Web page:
"hired" vs. "fired" - fuzzy search in PostgreSQL

09.2023 / Category: / Tags:

When dealing with data (and life in general) small things can have a major impact. The difference between “hired” and “fired” is just one simple character, but in many cases it does have real world implications. The question is: How can we use good old community Open Source PostgreSQL to do a fuzzy search, in order to get better results? This blog will give you some insights into how this can be done, and which benefits the end user can enjoy when using those techniques. As fuzzy search is a huge topic, I want to limit the post to what is possible using the fuzzystrmatch extension, and point to some further reading wherever it makes sense to do so.

Creating sample data

To approach fuzzy string search in PostgreSQL we first have to create some simple sample data. For the sake of simplicity, it does not need much to show how this works:

All we need is 5 rows and we are able to demonstrate what true Open Source is capable of.

The fuzzystrmatch extension

The first thing people might want to use in PostgreSQL is the fuzzystrmatch extension. It contains basic functionality such as Soundex and Levenshtein. Let's activate the extension, which is shipped as part of the PostgreSQL contrib package:

Soundex is one of the more popular algorithms. It's quite outdated, but it still does serve its purpose here and there. Let's see how it runs:

The soundex function encodes the input string. What we can do now is encode the input text as well, and see if it matches:

Note that “fired” will get the same encoding as “firred” which already gives us a real advantage over a normal search.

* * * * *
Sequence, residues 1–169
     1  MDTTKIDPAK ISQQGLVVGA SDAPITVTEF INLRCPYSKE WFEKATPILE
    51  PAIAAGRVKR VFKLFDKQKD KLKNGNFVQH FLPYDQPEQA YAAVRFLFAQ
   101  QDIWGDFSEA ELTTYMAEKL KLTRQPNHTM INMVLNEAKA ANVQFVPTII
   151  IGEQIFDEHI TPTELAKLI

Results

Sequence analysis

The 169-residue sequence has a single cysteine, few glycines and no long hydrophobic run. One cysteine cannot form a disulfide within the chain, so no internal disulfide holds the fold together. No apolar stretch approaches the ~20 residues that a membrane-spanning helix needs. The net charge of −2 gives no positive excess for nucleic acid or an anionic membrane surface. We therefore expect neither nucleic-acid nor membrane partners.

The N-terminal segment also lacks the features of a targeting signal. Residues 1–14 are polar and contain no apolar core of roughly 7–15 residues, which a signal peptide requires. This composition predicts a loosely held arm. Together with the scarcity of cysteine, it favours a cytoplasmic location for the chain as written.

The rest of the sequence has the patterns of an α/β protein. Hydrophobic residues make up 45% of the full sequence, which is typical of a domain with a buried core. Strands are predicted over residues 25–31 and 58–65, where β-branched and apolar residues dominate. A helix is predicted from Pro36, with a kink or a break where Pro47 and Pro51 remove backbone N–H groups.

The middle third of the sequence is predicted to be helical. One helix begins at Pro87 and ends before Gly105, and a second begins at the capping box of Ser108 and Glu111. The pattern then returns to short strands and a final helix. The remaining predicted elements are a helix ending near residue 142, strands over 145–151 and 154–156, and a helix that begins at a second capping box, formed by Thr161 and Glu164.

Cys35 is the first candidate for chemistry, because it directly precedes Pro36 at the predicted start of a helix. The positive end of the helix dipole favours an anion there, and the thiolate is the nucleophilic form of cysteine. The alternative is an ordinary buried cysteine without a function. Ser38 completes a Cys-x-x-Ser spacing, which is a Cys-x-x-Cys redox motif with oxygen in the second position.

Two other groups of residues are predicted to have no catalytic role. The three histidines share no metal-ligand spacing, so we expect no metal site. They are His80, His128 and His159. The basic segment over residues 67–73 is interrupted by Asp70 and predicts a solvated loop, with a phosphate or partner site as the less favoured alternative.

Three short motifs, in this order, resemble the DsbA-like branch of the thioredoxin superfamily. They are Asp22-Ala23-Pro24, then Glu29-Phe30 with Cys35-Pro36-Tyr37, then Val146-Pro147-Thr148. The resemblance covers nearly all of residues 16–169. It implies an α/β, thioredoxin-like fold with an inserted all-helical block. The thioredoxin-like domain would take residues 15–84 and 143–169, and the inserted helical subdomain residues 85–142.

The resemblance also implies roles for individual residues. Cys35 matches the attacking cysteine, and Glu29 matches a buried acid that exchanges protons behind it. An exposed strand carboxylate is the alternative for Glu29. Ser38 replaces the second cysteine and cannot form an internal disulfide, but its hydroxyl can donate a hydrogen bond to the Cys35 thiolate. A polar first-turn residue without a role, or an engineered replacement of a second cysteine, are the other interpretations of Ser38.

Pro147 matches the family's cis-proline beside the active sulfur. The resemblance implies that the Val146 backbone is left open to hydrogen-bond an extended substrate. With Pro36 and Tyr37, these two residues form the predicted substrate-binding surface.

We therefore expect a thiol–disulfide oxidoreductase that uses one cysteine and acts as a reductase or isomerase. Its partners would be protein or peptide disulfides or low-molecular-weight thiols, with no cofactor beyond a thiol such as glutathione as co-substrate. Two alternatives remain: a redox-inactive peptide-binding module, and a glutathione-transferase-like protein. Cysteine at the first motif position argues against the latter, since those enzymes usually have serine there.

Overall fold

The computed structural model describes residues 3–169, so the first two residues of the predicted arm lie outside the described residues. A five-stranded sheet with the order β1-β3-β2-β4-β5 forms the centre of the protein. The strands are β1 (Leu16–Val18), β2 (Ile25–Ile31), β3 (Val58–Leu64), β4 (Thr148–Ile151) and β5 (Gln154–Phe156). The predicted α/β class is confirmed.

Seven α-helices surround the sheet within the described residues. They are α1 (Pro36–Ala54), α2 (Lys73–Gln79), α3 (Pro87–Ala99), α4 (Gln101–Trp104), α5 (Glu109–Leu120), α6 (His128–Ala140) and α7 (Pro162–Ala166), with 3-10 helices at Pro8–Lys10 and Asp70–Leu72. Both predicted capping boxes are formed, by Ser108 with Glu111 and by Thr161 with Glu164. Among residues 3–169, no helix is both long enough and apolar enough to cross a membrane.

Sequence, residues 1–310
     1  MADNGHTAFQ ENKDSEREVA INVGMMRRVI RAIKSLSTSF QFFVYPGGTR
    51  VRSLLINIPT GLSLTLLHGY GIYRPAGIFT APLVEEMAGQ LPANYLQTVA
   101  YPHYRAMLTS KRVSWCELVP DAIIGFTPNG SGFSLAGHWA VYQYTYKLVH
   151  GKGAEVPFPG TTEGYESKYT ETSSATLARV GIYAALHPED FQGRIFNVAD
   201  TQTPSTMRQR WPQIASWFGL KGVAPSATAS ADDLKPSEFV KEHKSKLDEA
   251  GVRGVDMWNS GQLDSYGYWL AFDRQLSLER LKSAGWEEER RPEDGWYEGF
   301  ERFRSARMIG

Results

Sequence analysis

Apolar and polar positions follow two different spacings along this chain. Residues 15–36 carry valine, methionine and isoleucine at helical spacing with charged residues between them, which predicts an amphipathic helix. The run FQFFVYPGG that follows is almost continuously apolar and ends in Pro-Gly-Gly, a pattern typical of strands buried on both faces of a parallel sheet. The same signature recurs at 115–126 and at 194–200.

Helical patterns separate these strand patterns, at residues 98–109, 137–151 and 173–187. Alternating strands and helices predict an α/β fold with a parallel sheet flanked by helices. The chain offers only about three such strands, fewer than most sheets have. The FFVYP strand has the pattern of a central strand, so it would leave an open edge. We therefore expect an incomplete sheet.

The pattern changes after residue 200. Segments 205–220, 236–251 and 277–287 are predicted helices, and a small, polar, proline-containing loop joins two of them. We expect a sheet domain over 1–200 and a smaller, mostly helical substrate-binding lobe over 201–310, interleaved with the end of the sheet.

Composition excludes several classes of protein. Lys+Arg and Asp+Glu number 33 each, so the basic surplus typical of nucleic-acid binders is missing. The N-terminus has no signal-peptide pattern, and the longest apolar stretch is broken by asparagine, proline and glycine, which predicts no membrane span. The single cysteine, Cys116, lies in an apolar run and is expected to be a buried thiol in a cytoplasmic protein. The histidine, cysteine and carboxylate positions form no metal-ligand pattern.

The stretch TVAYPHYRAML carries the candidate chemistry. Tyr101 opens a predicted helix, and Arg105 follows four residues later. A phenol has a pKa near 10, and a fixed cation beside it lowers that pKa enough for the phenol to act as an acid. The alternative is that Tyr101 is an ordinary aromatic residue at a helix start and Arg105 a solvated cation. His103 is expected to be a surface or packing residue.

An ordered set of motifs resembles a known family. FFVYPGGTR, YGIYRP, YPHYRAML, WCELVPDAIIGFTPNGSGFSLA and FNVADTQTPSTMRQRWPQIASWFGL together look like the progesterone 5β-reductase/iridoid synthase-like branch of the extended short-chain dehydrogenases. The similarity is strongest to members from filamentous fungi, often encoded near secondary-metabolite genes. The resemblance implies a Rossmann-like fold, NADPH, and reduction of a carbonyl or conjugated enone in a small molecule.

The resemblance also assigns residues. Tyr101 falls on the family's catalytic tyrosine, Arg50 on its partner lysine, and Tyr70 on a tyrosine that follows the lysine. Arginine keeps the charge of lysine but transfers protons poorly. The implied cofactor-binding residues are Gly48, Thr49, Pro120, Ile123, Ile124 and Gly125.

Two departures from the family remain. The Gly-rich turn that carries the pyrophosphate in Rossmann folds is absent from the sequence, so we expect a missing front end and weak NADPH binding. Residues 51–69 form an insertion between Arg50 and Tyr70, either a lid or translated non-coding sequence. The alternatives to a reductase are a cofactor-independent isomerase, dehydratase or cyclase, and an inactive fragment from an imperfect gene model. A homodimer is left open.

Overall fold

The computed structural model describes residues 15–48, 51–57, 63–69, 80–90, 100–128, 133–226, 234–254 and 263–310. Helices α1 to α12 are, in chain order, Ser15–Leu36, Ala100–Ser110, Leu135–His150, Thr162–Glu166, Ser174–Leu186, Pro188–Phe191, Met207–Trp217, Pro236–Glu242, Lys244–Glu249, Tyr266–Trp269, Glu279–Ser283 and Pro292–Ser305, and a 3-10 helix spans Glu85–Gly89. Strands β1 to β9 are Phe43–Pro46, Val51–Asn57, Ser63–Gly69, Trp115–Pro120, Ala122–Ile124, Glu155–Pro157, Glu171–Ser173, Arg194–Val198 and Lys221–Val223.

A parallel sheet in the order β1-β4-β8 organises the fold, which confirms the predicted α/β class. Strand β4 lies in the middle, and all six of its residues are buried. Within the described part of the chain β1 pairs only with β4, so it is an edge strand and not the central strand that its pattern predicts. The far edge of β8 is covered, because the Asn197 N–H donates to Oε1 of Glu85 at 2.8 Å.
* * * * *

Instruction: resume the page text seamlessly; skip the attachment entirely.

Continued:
PostgreSQL provides us with indexes on expressions, and since soundex is “immutable”, we can index on it. If you want to know more about IMMUTABLE, STABLE and VOLATILE, read our blog post about this vital topic. Here's how it works in our example:

The table is so small that PostgreSQL would not even consider an index scan, but we can convince the database engine to actually use an index by implementing a runtime variable.

A second mechanism provided by fuzzystrmatch is good old Levenshtein. What is this all about? Basically the Levenshtein-distance defines the minimum number of characters one has to change in order to change string A to string B.

The following listing contains an example of how the Levenshtein algorithm can work:

In this case, we have to change 8 characters to turn the first into the second string. We can make use of that in a normal query too. Suppose we want to find everything that has only up to a certain number of typos:

In this case, two rows are available. Levenshtein is really powerful if you have small typos in the data, and if you're relatively sure of what you're looking for in the first place.

Further fuzzy search option: metaphone

If you're not happy with what levenshtein and soundex can do for you, you might want to check out metaphone. It's pretty similar to what soundex does, but offers an additional parameter that defines the length of your desired output:

In the first example, I have encoded the string into 4 characters. In the second case, the length of the string is 6. We can again use the same strategy:

We encode the input string and the content of the column. Of course, there is no result - because “open source” does not sound like failure and does not sound like being fired either.

Advanced similarity search in PostgreSQL

As outlined briefly before, there is more to fuzzy string searches in PostgreSQL than can ever be covered in a single post. If you want to read more, check out the following posts:

We will cover more of those techniques in the near future to make sure people can enjoy the full benefit of true Open Source PostgreSQL. Until then: Don’t get fired - get hired.

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